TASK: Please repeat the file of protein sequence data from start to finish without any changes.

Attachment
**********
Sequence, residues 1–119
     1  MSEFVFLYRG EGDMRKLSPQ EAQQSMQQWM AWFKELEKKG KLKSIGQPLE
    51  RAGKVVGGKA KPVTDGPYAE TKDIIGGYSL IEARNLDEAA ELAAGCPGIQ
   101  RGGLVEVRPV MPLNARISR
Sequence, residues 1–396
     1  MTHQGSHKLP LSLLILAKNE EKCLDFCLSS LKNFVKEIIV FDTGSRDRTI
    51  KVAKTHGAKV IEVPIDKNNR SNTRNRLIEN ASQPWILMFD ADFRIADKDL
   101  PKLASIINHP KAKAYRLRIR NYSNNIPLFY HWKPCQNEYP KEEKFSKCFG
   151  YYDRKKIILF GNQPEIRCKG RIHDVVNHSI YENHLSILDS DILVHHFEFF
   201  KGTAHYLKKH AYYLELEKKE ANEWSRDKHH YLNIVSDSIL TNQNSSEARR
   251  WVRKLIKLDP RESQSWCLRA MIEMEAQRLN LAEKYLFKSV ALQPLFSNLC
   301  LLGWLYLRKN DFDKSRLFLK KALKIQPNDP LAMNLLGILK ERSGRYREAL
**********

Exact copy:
Sequence, residues 1–119
     1  MSEFVFLYRG EGDMRKLSPQ EAQQSMQQWM AWFKELEKKG KLKSIGQPLE
    51  RAGKVVGGKA KPVTDGPYAE TKDIIGGYSL IEARNLDEAA ELAAGCPGIQ
   101  RGGLVEVRPV MPLNARISR
Sequence, residues 1–396
     1  MTHQGSHKLP LSLLILAKNE EKCLDFCLSS LKNFVKEIIV FDTGSRDRTI
    51  KVAKTHGAKV IEVPIDKNNR SNTRNRLIEN ASQPWILMFD ADFRIADKDL
   101  PKLASIINHP KAKAYRLRIR NYSNNIPLFY HWKPCQNEYP KEEKFSKCFG
   151  YYDRKKIILF GNQPEIRCKG RIHDVVNHSI YENHLSILDS DILVHHFEFF
   201  KGTAHYLKKH AYYLELEKKE ANEWSRDKHH YLNIVSDSIL TNQNSSEARR
   251  WVRKLIKLDP RESQSWCLRA MIEMEAQRLN LAEKYLFKSV ALQPLFSNLC
   301  LLGWLYLRKN DFDKSRLFLK KALKIQPNDP LAMNLLGILK ERSGRYREAL